We employ the Los Alamos suite of atomic physics codes to model the inner-shell x-ray emission spectrum of xenon and compare results with those obtained via high-resolution x-ray spectroscopy of xenon clusters irradiated by 30 fs Ti:Sa laser pulses. We find that the commonly employed configuration average approximation breaks down and significant spin-orbit splitting necessitates a detailed level accounting. Additionally, we reproduce an interesting spectral trend for a series of experimental spectra taken with varying pulse energy for fixed pulse duration. To simulate the experimental measurements at increasing beam energies, we find that spectral modeling requires an increased hot electron fraction, but decreased atomic density and bulk electron temperature. We believe these latter conditions to be a result of partial cluster destruction due to the increased energy in the laser prepulse.

  2. Demonstration of X-ray talbot interferometry

    CERN Document Server

    Momose, A; Kawamoto, S; Hamaishi, Y; Takai, K; Suzuki, Y

    2003-01-01

    First Talbot interferometry in the hard X-ray region was demonstrated using a pair of transmission gratings made by forming gold stripes on glass plates. By aligning the gratings on the optical axis of X-rays with a separation that caused the Talbot effect by the first grating, moire fringes were produced inclining one grating slightly against the other around the optical axis. A phase object placed in front of the first grating was detected by moire-fringe bending. Using the technique of phase-shifting interferometry, the differential phase corresponding to the phase object could also be measured. This result suggests that X-ray Talbot interferometry is a novel and simple method for phase-sensitive X-ray radiography. (author)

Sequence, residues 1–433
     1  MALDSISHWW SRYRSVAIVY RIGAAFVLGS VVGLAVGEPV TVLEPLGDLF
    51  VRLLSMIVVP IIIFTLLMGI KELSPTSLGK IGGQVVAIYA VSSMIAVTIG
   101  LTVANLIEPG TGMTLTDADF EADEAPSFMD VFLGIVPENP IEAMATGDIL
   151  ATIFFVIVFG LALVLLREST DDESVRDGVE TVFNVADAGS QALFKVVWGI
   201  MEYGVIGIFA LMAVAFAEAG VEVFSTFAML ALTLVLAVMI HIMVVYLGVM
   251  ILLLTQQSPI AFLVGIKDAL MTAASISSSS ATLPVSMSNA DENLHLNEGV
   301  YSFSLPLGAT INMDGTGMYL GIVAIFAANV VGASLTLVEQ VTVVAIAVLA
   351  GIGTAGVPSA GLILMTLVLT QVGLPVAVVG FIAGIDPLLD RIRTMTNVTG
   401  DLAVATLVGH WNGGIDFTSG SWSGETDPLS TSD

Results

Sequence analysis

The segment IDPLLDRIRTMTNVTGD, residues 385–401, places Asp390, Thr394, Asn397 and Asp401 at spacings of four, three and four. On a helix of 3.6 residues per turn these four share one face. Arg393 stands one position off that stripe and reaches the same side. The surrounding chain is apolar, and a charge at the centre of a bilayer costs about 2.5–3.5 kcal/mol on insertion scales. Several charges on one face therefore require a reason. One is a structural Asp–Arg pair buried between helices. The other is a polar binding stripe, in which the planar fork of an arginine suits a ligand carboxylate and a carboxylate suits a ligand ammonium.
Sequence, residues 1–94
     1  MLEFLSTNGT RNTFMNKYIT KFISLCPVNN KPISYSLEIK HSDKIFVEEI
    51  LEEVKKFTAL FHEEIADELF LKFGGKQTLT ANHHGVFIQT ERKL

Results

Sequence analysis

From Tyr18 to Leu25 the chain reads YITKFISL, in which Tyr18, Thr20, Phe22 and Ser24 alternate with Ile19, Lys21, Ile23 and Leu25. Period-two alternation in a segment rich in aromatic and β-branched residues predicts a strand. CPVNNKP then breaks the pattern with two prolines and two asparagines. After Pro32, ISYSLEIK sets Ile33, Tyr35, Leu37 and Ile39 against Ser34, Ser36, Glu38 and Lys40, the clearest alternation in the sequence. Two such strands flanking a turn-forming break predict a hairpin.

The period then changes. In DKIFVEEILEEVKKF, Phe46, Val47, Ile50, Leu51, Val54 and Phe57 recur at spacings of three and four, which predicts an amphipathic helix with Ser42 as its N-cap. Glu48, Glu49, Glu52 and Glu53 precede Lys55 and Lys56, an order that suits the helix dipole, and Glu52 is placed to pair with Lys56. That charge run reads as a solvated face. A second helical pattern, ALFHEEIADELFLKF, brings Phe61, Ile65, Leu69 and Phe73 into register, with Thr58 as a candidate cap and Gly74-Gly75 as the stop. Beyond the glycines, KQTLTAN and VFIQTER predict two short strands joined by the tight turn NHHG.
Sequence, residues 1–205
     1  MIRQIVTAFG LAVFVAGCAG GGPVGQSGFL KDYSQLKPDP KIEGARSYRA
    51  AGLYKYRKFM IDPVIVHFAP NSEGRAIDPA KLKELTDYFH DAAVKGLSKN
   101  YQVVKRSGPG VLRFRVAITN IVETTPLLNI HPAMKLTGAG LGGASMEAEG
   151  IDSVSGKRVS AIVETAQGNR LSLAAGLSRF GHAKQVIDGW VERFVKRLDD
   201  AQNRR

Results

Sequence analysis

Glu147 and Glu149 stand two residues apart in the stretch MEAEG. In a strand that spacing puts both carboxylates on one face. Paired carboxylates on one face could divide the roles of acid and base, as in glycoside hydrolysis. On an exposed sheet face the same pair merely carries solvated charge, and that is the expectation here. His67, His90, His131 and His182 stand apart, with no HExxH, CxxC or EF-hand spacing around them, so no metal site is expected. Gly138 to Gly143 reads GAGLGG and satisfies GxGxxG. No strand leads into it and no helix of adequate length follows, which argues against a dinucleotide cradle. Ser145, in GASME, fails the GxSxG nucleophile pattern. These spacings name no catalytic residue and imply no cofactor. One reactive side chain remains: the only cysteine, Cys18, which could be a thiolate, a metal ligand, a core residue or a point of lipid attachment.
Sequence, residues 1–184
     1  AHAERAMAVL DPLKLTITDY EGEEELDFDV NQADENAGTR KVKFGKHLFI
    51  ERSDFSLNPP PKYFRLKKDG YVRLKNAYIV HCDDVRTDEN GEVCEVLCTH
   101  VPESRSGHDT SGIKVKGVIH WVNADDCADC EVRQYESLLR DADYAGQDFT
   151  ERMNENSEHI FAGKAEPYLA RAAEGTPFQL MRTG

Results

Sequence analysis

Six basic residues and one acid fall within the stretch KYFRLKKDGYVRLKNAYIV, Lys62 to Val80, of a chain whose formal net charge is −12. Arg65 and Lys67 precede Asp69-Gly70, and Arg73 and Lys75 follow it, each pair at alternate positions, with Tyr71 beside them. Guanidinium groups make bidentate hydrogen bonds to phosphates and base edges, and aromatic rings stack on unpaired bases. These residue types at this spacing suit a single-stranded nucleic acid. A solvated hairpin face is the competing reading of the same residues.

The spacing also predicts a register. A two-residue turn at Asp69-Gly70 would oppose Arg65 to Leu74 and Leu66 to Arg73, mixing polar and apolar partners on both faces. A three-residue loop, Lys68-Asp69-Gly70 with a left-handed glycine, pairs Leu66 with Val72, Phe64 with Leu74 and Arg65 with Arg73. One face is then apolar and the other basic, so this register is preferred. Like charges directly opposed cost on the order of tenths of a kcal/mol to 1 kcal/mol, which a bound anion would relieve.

3. X-ray source for mammography

    Science.gov (United States)

    Logan, Clinton M.

    1994-01-01

    An x-ray source utilizing anode material which shifts the output spectrum to higher energy and thereby obtains higher penetrating ability for screening mammography application, than the currently utilized anode material. The currently used anode material (molybdenum) produces an energy x-ray spectrum of 17.5/19.6 keV, which using the anode material of this invention (e.g. silver, rhodium, and tungsten) the x-ray spectrum would be in the 20-35 keV region. Thus, the anode material of this invention provides for imaging of breasts with higher than average x-ray opacity without increase of the radiation dose, and thus reduces the risk of induced breast cancer due to the radiation dose administered for mammograms.

  4. Dental x-ray diagnostic installation

    International Nuclear Information System (INIS)

    An exemplary embodiment comprises an exposure unit including an X-ray tube and a cassette holder rotatable about vertical axes and between which the head of the patient is disposed. A radiation detector is disposed at the cassette holder for supplying an electrical signal corresponding to the dose rate when it is struck by X-rays and being interconnected with an X-ray tube voltage controller and a dose rate regulator in such manner that the X-ray tube voltage is influenced by the output of the radiation detector to control the dose rate to a value producing an optimum film blackening. A function generator determining the speed of the exposure unit is provided in which a speed curve is stored given which the radiation dose influencing the film is approximately constant